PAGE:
C: Lee. We were 12 percent completed!!! (note: that's about 6 hours of play time) That's totally unacceptable! He's got to learn!

M: Um... when did I marry a 15 year old boy?

C: Why aren't you more upset about this?

M: Because this happened at 12 percent and not 80. It just means we get to run through Hoth again and this time we'll know what we're doing.

C: I guess that's true. But why does he have to do that? Why does...

M: Let it go honey. It's only a game. Let it go. Aren't you at church now?

C: Yes.

M: Good. Stay there until you calm down.


Who wants to be a Millionaire - Home Edition

Questions I've actually been asked by one of my children in the last 48 hours:

$100 question: Can I have more cereal?
$250 question: Can I play wii?
$500 question: Daddy, You say movie cost 10 dollars for one person, how much money for 4 people? 18 people? Daddy? 50 people? Daddy? Daddy?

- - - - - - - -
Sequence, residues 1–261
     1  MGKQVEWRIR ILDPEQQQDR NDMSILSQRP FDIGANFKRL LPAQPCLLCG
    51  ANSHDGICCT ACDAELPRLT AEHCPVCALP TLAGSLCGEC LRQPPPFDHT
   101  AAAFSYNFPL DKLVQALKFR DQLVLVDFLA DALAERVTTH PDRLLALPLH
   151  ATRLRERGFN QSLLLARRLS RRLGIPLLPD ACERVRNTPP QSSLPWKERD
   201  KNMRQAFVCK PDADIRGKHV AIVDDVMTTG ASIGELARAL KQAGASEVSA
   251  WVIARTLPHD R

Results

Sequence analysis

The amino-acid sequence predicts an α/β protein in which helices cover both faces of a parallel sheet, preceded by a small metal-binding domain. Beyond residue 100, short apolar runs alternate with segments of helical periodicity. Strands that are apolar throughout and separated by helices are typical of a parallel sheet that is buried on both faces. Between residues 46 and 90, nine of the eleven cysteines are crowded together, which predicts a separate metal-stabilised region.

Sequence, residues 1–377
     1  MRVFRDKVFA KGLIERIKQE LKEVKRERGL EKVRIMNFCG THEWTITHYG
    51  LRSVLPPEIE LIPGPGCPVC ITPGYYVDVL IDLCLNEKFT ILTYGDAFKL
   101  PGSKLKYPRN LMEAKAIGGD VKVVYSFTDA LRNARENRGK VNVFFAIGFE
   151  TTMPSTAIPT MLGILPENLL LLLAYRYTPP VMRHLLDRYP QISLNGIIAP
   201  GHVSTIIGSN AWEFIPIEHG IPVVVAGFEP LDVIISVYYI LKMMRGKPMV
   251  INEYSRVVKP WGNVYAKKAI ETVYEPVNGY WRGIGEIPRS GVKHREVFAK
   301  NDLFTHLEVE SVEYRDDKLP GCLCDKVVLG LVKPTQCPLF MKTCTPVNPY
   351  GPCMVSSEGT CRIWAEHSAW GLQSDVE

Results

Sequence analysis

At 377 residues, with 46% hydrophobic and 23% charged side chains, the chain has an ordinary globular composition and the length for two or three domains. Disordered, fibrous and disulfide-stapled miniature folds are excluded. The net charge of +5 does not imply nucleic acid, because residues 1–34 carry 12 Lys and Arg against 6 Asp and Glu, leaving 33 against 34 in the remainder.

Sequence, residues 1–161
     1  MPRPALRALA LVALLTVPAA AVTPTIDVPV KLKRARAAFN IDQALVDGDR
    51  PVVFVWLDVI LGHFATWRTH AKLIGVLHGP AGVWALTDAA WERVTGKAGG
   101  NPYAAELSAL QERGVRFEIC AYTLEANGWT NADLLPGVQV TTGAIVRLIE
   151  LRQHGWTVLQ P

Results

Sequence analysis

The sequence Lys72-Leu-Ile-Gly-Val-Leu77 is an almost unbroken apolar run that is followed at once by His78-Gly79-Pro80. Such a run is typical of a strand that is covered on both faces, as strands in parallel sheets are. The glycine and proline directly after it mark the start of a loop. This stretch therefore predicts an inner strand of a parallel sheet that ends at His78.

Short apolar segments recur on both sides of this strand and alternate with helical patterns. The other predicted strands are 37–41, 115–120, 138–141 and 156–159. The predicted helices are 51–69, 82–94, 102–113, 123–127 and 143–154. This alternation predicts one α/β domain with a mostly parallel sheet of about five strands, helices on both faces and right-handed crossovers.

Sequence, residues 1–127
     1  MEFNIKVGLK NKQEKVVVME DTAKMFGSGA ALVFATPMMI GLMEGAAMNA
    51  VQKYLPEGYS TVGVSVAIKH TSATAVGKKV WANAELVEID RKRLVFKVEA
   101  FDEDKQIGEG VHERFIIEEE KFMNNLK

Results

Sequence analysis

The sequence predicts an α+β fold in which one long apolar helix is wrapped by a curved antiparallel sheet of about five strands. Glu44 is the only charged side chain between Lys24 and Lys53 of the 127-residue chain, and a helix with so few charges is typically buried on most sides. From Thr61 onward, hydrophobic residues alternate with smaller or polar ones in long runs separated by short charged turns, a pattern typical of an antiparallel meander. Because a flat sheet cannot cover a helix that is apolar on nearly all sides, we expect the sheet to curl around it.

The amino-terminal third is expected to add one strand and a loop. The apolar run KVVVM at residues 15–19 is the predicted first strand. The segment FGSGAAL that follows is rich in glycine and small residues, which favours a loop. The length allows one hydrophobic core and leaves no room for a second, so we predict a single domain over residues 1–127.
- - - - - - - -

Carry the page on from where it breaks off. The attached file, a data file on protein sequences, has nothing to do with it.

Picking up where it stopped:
$2000 question: Can I play wii, now? (Better ask the audience because I'm betting mommy already answered No)
$5,000 question: Dad? Why that cat not nice? Never nice to me!
$100,000 question: Why Yordanos never help, I *ALWAYS* help? HUH???
$500,000 question: Boy baby born no boy parts, yes? When boy parts come?

And the Million dollar question...
Daddy, why people die?


Pronouns, Brand Recognition, and my daughter

One of our local 2 year olds has been toodling around asking about "McDanos."

"No Honey," his mother corrected him. "Her name is YORDanos. YOOOR-Danos, not Mc-Danos."

It's reported that he now requests to see "MyDanos."